Mike’s planting: When Mike was 3 or 4 years old. I went visiting teaching and left Keith watching the kids. He was running the packer/schmizer equipment in the field across from the airport and south of the home place. Keith took them Mike and Craig out to the field in the tractor. Keith dropped the boys off at the ditch opposite the field and instructed them to play with their toy trucks while he worked field. The boys were supposed to stay on the other side of the ditch, but Mike crawled across the empty ditch. Keith had reached the top of the field and was turning around and Mike crawled ontop of the implement. Dad had a feeling to turn and check before he drove off too far, just in time to see Mike face down in the dirt with the schmizer running over him. Dad jumped off and saw Mike bloody. Keith called Norman Garner on the radio for help. They went straight to the hospital in an old big spud hauling truck. Dr.’s kept Mike in the hospital overnight for observation. They were concerned about trauma to the heart and lungs, but to everyone surprise Mike’s only injury was a bloody nose.
Skip’s burn: When Skip was 10, just 4 weeks before the end of the school year he was burning willow branches in the trash/burn barrel in the yard. The branches wouldn’t start so he got a can of gas and poured on them. His plan was to douse the branches then start them on fire, but he didn’t realize there were hot embers in the bottom of the barrel from the previous batch of garbage being burned. The fuel exploded and caught him on fire. His face and back were the worst. I was in town at the grocery store. The rest of the kids were home. Skip ran to the back of the shed and jumped the horse trough. The other kids took him in the house and put him in the tub and put cold towels on his back. Message reached me and I met them at the hospital. Skip spent 26 days in the hospital.
Paul’s accident: During Paul’s senior year in 1968, he was dating Donna. He was returning home (with Larry’s hamster in the backseat). He was on the potholes road, when he claims and gust of wind caught the car and he went over a deep embankment and totaled the car, but the hamster lived! He wasn’t hurt too much, he was checked out at the hospital, but the car was totaled.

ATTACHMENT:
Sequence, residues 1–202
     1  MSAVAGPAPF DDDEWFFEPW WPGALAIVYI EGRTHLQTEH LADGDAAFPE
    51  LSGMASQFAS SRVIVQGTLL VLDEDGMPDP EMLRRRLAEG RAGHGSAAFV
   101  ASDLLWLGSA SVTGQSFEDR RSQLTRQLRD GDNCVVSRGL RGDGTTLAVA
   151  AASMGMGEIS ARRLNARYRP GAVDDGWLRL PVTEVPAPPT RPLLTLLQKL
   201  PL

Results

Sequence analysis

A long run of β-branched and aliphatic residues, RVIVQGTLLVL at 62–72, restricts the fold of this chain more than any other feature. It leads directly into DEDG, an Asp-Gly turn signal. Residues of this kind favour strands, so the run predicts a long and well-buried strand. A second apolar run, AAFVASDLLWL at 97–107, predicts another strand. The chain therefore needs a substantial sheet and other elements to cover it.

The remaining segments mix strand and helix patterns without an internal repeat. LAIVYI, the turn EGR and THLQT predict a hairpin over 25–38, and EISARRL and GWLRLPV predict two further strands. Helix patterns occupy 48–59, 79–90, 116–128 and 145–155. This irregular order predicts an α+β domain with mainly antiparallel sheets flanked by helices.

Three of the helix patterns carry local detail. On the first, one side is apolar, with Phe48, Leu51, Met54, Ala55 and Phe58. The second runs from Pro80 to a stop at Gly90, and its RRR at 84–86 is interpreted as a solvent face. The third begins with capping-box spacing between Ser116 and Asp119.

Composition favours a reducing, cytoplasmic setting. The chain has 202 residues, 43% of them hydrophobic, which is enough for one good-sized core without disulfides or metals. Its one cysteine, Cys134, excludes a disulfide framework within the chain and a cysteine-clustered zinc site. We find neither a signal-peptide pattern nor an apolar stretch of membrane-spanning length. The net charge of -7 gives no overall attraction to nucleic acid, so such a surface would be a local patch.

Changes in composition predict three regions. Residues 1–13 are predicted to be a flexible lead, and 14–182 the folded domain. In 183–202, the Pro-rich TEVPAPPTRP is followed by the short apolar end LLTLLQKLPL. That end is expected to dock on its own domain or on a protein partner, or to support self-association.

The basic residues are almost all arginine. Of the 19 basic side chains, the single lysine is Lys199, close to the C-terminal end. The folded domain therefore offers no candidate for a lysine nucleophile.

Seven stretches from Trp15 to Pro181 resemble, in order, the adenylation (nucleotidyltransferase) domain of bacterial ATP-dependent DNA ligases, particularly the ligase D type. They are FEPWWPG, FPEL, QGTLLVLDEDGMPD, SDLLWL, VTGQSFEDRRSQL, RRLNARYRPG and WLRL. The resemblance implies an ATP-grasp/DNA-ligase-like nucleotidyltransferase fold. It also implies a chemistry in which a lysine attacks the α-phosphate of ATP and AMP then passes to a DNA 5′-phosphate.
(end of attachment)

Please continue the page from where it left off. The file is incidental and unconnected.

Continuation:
Larry’s leg burn: When Larry was in the first grade, he was supposed to go to primary at the church after school, but instead he went home, that was when we lived in the house on Spruce. No one was home, I was at the Primary activity at the church. Larry was playing with lawn mower gas and some spilled on his foot and sock. I am not sure how, but he caught it on fire and it went up his leg and burned his leg. The neighbor took him to the hospital and I was called at the church. We had to keep it wrapped for several weeks. He still has the scars from the burn.
What do I want people to know about me: I hope people know me for being a good mother and wife and a good member of the church. Ever since I can remember, I have held a temple recommend. That is the one thing that Keith held until the day he died. I want people to know I have a testimony of the Gospel and I know it is true and to know how much it has been a big helping raising my children.

This is the life history of Genevie B. Stoker as taken from interviews by her daughter Dana Stoker Erikson and granddaughter Michelle Plaisted Clemens in 2010. Thanks mom. We are eternally grateful for the influence you are to this family.

Reunion is coming

Just checking this blog out to see if it works before the big reunion.  WOOHOO.  Now how to add histories to it???  I might be slow but eventually I might figure it out.  Now lets see if  I can get this lame ol' message to post.  BTW this is Dana